Deadline for submissions: December 19, 2016.
Full name /name of organization: John Brittingham (Greenville College) and Andrew Marzoni (Georgia Institute of Technology).
Contact email: firstname.lastname@example.org
Since the first back-to-the-land movements of the late nineteenth century, summer camps have occupied a unique place in the American cultural imagination. Part coming of age ritual, part sanctuary, part nostalgia, part babysitter, summer camps have expanded from a select few operations to a cornucopia of specialized options in the twenty-first century: sports camp, music camp, nerd camp, fat camp, bible camp, coding camp, cooking camp––with every summer comes new possibilities.
We are seeking a variety of academic essays and nonfiction narratives for a volume titled Notes on Camp. Topics may include a film theory analysis of summer camp movies, an art historical perspective on camp crafts, or a musicologist’s take on “Kumbaya” and the role of summer camp in American folk music. We’d love to hear from writers eager to share their personal experiences as campers, counselors, parents, psychologists, coaches, and educators. Such essays might discuss encounters with the wilderness, organizations such as Boy Scouts of America or Girl Scouts of the USA, camp rivalries and pranks, adolescent romance, appropriation of Native American cultures and traditions, the sociology of the end-of-summer-dance, or even water sports. Ultimately, we are hoping to put together a volume at once touching and humorous, rigorous and anecdotal, bringing together a number of distinct academic disciplines and narrative voices.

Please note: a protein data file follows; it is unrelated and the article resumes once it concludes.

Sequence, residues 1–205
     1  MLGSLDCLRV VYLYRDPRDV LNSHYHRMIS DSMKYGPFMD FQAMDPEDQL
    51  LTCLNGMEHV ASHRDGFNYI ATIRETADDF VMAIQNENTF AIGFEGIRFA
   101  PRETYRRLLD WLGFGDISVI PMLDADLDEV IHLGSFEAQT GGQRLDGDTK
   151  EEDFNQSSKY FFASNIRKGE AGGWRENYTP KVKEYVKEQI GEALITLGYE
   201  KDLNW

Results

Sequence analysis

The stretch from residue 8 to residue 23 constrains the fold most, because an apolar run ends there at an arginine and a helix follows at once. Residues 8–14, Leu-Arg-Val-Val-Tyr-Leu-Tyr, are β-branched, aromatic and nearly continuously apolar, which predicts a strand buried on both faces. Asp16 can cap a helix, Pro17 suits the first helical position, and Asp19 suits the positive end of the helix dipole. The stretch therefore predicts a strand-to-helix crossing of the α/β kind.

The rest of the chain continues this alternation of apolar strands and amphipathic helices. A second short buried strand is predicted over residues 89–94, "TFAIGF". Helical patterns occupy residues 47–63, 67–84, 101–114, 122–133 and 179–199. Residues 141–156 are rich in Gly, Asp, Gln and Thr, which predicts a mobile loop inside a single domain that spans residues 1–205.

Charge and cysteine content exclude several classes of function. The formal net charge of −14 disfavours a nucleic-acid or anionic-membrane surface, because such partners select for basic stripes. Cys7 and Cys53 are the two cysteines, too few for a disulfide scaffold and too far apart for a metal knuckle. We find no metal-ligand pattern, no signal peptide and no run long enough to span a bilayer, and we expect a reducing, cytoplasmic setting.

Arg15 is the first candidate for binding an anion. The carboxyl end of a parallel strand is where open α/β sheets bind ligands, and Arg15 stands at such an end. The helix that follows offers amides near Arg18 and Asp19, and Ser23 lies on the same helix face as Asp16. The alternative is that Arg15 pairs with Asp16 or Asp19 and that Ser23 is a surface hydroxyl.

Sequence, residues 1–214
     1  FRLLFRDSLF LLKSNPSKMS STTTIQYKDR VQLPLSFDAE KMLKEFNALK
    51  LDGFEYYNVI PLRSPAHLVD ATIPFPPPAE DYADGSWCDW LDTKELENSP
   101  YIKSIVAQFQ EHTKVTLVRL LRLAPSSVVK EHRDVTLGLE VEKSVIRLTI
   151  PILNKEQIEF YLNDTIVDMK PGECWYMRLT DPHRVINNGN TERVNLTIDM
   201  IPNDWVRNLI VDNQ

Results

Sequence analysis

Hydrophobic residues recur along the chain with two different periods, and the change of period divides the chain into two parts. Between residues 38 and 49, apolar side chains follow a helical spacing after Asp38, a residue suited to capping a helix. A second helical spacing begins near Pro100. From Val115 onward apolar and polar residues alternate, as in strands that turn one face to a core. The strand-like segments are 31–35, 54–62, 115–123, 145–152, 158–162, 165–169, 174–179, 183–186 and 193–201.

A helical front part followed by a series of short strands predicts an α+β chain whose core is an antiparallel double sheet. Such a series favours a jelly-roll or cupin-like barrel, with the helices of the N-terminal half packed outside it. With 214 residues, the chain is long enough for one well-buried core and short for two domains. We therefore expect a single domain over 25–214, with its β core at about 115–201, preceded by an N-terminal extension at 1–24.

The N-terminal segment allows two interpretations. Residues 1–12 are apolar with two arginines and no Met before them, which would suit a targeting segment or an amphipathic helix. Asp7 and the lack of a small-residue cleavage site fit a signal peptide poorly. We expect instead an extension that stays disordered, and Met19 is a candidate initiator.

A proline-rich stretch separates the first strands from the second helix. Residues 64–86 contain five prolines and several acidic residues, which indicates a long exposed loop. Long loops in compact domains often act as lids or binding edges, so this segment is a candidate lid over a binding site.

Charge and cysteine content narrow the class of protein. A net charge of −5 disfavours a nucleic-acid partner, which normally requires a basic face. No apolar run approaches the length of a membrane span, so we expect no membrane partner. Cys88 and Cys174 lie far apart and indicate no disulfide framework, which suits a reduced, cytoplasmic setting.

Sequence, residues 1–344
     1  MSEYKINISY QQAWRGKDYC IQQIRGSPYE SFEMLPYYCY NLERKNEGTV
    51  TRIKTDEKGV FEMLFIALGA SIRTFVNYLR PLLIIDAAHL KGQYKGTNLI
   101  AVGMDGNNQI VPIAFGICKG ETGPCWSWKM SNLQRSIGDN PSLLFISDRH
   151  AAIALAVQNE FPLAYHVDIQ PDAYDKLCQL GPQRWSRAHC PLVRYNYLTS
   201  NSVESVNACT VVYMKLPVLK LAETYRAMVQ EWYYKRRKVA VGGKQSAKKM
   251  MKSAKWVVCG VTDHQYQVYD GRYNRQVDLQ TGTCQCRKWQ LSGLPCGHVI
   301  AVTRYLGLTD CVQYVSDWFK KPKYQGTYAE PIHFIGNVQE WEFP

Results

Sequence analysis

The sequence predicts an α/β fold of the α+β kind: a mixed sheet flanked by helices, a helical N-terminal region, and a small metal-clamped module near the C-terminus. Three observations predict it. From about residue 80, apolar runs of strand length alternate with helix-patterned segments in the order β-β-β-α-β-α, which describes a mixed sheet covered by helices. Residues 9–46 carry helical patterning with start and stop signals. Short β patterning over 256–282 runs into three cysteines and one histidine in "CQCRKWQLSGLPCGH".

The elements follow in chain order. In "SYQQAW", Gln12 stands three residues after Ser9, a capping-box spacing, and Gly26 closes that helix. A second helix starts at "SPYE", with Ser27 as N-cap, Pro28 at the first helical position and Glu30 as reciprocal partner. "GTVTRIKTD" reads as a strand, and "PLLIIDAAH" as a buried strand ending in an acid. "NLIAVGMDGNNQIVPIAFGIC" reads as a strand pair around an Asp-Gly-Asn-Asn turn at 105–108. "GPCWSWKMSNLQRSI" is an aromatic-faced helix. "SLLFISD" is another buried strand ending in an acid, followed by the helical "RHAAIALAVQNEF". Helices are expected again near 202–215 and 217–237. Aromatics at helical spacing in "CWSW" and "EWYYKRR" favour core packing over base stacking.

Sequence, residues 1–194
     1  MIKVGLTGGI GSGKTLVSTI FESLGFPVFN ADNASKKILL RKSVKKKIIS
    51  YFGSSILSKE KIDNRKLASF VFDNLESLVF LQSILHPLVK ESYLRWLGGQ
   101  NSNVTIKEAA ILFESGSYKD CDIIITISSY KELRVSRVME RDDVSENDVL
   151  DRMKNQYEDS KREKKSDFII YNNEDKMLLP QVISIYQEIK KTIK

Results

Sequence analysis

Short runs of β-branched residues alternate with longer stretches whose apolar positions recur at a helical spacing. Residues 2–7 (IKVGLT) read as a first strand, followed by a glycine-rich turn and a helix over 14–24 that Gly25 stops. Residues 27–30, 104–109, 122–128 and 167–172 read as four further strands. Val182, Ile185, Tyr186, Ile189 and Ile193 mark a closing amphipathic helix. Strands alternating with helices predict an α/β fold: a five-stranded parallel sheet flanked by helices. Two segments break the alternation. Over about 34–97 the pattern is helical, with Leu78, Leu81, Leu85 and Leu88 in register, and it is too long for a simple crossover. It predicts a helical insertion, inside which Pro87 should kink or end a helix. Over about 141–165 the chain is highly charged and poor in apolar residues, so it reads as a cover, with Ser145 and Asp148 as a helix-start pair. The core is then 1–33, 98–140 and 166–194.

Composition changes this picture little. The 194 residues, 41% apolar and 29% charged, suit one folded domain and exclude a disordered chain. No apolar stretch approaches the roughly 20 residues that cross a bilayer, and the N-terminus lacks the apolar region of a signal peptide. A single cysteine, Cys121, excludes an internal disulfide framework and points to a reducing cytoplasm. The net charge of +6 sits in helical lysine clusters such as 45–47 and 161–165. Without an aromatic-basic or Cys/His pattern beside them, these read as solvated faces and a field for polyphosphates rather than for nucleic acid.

Finished essays should be between 3000 and 5000 words in length, with the option of shorter submissions for narrative pieces. Previously unpublished work only, please.
Email 500-word abstracts to John Brittingham (email@example.com) and Andrew Marzoni (firstname.lastname@example.org) by December 19, 2016. Finished essays will be due early Spring 2017.